Tuesday, October 28, 2008

Interesting Epoxy Laminated Paddles

I came across a page on the MAS Epoxy site documenting the work of Doug Roberts from West Virginia who uses the adhesive in making his many laminated paddle designs. The writeup mentions his use of various woods including butternut, white cedar, spalded beech, curly maple, and cherry. Also interesting is that he used epoxy with food dyes for an interesting colouring effect. I like the inlaid look of his paddle tips as well as the pattern of the checkerboard paddle. Might be a great addition to a back-country trip where a relaxing game of chess or checkers could be played after a hard day of paddling

Shots of Doug Robert's creative laminated paddles

Epoxy is tough on blades and handtools but it is more gap-filling than the polyurethane glues I've used on my paddles. I might consider making more paddles like these with all the accumulating wood scraps in the future.


Bryan Sarauer said...

Hi Murat,
With all do respect to the builder of those paddles, I don't I don't care for them much. They are very interesting in that they show what can be done with lamination and decoration. However, they have no elegance in their shape; they look somehow awkward to my eye. The pyrography on the blade also appears unrefined, probably similar to my own efforts.

These paddles are in stark contrast to your own creations which to my eye are very elegant and the pyrography is exceptional.

I'm not really a traditionalist (my everyday paddle is a bent-shaft, my whitewater paddle is fiberglass), so it's not that I'm afraid of an unconventional or modern shape.

Another example of paddles that don't appeal to me are those created by S Creek: http://www.screekpaddleco.com/. In this case, the pyrography is excellent, but the blades and shafts are all very square. The corners have been rounded off of the shaft, but they remain essentially square. I've seen his paddles up close a number of times and they just don't look right to me.

Thankfully, not everyone agrees with me otherwise there wouldn't be such diversity to choose from.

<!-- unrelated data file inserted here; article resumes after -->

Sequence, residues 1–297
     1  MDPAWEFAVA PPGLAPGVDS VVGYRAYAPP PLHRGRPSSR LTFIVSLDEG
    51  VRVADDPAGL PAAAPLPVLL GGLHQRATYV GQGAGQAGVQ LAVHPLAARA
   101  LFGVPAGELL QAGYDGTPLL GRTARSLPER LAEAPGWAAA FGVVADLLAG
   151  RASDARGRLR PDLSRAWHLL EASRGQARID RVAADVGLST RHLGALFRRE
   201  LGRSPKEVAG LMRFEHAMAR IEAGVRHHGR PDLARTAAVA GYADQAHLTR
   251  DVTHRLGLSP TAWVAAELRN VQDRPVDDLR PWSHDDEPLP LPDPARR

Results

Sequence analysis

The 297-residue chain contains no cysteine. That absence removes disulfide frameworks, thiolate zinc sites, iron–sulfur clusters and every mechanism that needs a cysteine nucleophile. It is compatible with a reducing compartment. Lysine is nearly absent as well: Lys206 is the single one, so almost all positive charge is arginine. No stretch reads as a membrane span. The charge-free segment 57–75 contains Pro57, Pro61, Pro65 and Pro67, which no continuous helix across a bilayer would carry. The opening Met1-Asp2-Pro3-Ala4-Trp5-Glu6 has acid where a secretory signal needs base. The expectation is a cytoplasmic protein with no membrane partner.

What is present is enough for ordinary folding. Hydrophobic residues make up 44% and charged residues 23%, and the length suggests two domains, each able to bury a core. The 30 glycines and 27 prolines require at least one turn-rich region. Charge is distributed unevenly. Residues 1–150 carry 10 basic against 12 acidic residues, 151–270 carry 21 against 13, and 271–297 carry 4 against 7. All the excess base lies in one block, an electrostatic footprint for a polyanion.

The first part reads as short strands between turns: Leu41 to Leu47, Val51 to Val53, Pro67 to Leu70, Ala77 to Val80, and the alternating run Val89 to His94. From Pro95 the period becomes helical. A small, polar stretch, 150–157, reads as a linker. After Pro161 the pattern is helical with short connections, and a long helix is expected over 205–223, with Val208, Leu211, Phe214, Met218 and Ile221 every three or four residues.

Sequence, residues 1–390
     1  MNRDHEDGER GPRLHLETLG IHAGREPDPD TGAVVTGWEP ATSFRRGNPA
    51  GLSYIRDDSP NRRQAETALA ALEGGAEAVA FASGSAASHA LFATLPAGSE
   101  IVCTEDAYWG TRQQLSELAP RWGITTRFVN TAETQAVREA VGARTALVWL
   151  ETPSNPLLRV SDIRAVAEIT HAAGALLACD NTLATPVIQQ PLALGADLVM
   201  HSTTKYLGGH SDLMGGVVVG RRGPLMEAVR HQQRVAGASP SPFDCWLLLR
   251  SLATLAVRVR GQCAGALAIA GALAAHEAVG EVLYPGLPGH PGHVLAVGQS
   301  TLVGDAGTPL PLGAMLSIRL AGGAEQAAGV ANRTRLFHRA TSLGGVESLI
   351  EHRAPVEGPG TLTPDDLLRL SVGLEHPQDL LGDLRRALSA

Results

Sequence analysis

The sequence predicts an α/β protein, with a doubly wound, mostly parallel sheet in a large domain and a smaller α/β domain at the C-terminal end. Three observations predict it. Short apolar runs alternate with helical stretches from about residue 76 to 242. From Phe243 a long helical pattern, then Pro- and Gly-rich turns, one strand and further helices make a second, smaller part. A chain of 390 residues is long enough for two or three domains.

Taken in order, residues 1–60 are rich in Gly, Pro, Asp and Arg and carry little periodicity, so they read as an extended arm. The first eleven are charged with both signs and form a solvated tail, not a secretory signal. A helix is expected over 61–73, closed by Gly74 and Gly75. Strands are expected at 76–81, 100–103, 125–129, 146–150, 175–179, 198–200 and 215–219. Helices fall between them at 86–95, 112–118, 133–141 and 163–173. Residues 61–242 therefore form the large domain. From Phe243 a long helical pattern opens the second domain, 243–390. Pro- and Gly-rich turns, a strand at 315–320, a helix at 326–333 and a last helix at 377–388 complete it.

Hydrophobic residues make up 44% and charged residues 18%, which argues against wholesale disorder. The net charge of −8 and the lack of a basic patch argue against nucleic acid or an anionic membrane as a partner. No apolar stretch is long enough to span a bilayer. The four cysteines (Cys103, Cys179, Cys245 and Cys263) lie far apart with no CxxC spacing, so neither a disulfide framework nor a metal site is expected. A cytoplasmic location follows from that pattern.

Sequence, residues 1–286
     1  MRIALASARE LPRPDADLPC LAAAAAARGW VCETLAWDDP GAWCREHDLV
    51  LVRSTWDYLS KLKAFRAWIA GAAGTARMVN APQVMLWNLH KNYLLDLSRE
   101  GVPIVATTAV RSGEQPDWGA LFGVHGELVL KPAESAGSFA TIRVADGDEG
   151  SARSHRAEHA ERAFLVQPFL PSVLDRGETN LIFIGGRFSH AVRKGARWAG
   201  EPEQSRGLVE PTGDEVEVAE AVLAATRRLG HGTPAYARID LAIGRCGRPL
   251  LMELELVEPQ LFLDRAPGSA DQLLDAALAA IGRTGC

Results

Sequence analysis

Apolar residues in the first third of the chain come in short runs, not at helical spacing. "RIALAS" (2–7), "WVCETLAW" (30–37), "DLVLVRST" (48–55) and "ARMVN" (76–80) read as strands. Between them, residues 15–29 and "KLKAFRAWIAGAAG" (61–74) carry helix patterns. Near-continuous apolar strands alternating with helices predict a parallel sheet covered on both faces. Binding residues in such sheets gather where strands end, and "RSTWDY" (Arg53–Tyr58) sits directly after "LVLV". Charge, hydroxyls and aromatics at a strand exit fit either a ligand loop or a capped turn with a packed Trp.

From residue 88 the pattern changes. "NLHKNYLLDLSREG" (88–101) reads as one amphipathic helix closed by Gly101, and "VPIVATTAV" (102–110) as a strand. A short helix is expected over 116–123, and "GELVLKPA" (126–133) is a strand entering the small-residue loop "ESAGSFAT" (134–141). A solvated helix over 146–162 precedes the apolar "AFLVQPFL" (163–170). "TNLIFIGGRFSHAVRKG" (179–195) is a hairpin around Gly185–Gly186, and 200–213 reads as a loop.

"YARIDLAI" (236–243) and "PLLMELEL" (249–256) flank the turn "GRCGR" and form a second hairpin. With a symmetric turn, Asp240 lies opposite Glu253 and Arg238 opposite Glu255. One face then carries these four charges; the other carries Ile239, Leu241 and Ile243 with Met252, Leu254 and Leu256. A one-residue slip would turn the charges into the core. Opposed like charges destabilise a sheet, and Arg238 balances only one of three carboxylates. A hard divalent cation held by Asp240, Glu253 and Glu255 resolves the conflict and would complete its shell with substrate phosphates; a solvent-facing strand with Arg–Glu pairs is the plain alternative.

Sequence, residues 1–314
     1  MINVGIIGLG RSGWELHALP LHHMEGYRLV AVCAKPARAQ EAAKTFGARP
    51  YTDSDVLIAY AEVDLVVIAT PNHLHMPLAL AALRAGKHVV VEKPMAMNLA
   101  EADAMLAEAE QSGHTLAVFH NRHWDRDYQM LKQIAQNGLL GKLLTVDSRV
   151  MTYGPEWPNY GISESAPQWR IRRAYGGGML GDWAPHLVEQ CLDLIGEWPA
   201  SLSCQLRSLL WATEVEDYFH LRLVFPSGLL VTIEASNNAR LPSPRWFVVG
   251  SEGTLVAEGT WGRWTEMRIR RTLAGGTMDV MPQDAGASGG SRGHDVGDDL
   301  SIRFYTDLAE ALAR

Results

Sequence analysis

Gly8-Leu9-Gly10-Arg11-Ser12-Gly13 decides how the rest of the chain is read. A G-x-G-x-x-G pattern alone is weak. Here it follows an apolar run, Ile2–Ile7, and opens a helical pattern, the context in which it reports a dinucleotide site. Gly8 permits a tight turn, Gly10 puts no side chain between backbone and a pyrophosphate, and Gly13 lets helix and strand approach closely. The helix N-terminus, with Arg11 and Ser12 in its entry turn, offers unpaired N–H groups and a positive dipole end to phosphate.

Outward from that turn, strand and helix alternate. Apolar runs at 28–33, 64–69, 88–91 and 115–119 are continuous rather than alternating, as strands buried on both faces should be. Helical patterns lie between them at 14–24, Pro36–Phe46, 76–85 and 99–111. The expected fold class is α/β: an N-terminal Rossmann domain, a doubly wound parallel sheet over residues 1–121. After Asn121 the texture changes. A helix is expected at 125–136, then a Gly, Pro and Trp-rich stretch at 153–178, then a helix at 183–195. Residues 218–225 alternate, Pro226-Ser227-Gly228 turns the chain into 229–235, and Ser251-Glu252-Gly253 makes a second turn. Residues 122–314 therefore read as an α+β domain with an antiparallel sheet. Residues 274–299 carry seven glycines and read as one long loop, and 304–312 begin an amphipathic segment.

Murat said...

Yeah, I agree on the blade shape. Sort of awkward looking...more like a baker's paddle for removing pizza from an oven. But when you make your own, you're free to try any shape that apeals to yourself.

I've never been able to get used to bent-shaft paddles, so I haven't leaned in that direction with my work. I also find that wide square blades tend to tire me out too quickly. But it does seem that large, square blades and bent shafts seem to be all the rage these days.

Interesting about your observation of S Creek paddles. I'm a big fan of the pyrography work, but was always curious about the repetitive blade shape. It might simply be a matter that this design allows for the most "canvas space" to do the artwork. The double bent shafts look very ergonomic though.

I've been researching the net for paddle pics of other native & exotic origin. There is in fact a huge amount of diversity in the shape of the basic paddle design and I hope to post on these soon.


Bryan Sarauer said...

I think you're right about the shape of the blade as canvas. However, if I'm not mistaken (and I could be), that's the basic shape used in his paddle courses for producing paddles that people intend to actually paddle with.

I don't see the benefit of the double blend. I think it's more of a "it looks cool" thing, than an actual ergonomic benefit. Keep in mind I've never tried them on the water, so my impressions are quite speculative. I tend to think if there really was a true benefit to the double bend, we'd see it used more frequently, especially among distance paddlers. I can't quite figure how the ergonomic shaft would help in any real way (blade angle in the water, wrist angle on the shaft?). Perhaps I should e-mail or call Doug so he can explain it to me.

Regarding large square blades & bent shafts, most bent-shaft paddles actually have smallish blades (the S Creek paddles excepted). The blades of a nice Zavral marathon racing paddle would be fairly small with a surface area that you would not find unusual (the angle on the other hand...). My whitewater paddle is in contrast to this - it's large blade is designed to catch a large amount of water in order to have a strong brace or move that boat around in the rapidly moving water. I can stop my canoe surprisingly quickly with that blade. However, I don't use it on the flats and will keep my other paddles close at hand in order for a quick switch of tool to match the conditions.

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